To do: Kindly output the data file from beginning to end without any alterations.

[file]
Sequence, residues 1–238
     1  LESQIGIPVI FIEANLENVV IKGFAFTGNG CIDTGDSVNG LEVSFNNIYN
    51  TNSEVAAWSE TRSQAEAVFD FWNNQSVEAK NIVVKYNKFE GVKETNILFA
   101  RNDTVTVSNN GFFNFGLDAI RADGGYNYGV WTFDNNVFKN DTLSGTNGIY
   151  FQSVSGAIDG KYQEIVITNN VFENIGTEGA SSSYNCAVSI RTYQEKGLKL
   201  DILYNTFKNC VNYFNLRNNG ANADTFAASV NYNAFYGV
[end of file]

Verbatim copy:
Sequence, residues 1–238
     1  LESQIGIPVI FIEANLENVV IKGFAFTGNG CIDTGDSVNG LEVSFNNIYN
    51  TNSEVAAWSE TRSQAEAVFD FWNNQSVEAK NIVVKYNKFE GVKETNILFA
   101  RNDTVTVSNN GFFNFGLDAI RADGGYNYGV WTFDNNVFKN DTLSGTNGIY
   151  FQSVSGAIDG KYQEIVITNN VFENIGTEGA SSSYNCAVSI RTYQEKGLKL
   201  DILYNTFKNC VNYFNLRNNG ANADTFAASV NYNAFYGV